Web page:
Research can be divided into four types- exploratory research, descriptive research, analytical research and Predictive research (Yang, 2007). Exploratory research is the kind of research, which is used to obtain the initial impression of the problem, and look for patterns, hypotheses or ideas that can be tested and will form the basis for further research. This type of research in the situation which there is the lack of previous research about the problem and the relationship between the variables are not clear (Yang, 2007). Descriptive research refers to the study for the correct description of the characteristics or the whole picture of the subject (Lewis,2015). Its task is to collect information, discover the situation, provide information, and from the rules and characteristics of the phenomenon. The focus is characteristics of the phenomenon, rather than why this phenomenon exists (Lewis,2015). It collected data mainly by questionnaires and used statistical method to deal with those data. In contrast, Analytical research often extends the Descriptive approach to suggest or explain why or how something is happening, e.g. underlying causes of industrial action (Yang, 2007). An important feature of this type of research is in locating and identifying the different factors (or variables) involved. However, analytical research is always difficult than others because the notion of causality should be treated warily, since an apparent correlation between two variables may in fact be due to the presence of a third variable which was not examined by the study (Chisnall,2005).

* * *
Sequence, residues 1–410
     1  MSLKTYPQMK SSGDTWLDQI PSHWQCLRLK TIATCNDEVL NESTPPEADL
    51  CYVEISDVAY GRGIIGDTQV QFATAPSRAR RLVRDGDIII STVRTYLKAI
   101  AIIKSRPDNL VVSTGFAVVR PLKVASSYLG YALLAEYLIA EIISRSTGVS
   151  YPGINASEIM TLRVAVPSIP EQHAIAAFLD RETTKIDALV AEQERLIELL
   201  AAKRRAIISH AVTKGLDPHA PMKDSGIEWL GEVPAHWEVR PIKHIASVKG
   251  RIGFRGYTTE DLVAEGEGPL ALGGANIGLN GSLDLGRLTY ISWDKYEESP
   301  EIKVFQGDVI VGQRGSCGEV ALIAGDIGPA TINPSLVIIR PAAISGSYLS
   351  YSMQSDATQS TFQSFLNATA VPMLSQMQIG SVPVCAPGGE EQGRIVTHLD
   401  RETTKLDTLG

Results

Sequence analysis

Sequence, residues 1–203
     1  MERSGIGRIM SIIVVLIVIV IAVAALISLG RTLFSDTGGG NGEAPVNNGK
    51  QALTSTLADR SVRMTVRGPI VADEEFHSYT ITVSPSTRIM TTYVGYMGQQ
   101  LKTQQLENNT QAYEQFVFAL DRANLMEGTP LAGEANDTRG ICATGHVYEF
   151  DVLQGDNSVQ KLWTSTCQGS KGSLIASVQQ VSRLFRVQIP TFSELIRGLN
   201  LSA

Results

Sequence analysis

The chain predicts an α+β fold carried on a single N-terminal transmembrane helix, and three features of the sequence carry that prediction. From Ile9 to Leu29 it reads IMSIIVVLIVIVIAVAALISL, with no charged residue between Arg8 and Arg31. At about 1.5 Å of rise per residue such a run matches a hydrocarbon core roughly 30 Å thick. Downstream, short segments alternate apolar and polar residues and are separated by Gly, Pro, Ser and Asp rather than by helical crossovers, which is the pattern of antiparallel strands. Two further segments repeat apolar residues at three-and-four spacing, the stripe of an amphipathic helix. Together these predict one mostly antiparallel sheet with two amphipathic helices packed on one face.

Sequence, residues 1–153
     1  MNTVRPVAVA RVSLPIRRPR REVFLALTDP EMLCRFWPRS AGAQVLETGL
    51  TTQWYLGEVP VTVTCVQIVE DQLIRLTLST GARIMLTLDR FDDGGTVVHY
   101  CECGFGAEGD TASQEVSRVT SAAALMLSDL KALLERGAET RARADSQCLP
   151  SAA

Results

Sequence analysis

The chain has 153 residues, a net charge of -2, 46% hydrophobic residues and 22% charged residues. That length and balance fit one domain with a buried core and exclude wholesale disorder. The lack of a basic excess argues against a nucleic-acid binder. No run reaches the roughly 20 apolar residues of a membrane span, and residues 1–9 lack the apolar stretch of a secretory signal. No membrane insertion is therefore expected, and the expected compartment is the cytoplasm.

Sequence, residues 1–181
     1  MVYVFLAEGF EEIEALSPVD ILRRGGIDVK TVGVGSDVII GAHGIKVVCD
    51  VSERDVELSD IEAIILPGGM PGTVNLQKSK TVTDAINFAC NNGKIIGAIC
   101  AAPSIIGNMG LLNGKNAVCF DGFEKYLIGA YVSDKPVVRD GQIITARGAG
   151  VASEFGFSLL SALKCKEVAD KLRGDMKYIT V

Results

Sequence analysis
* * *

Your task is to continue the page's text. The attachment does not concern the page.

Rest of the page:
There is little research focusing on glass ceiling effect in the UK, the relationship between the variables are not clear. Therefore, it is difficult for the author to examine each factor in the glass ceiling effect in the UK. As a result, the author decided to a combination of exploratory and descriptive research. Descriptive research is used to examine whether there is gender inequality in job promotion in the UK. In addition, the author tried to use the data from Office for national statistics, and the Institute of Leadership and Management (ILM) to find which factors is linked to this phenomenon.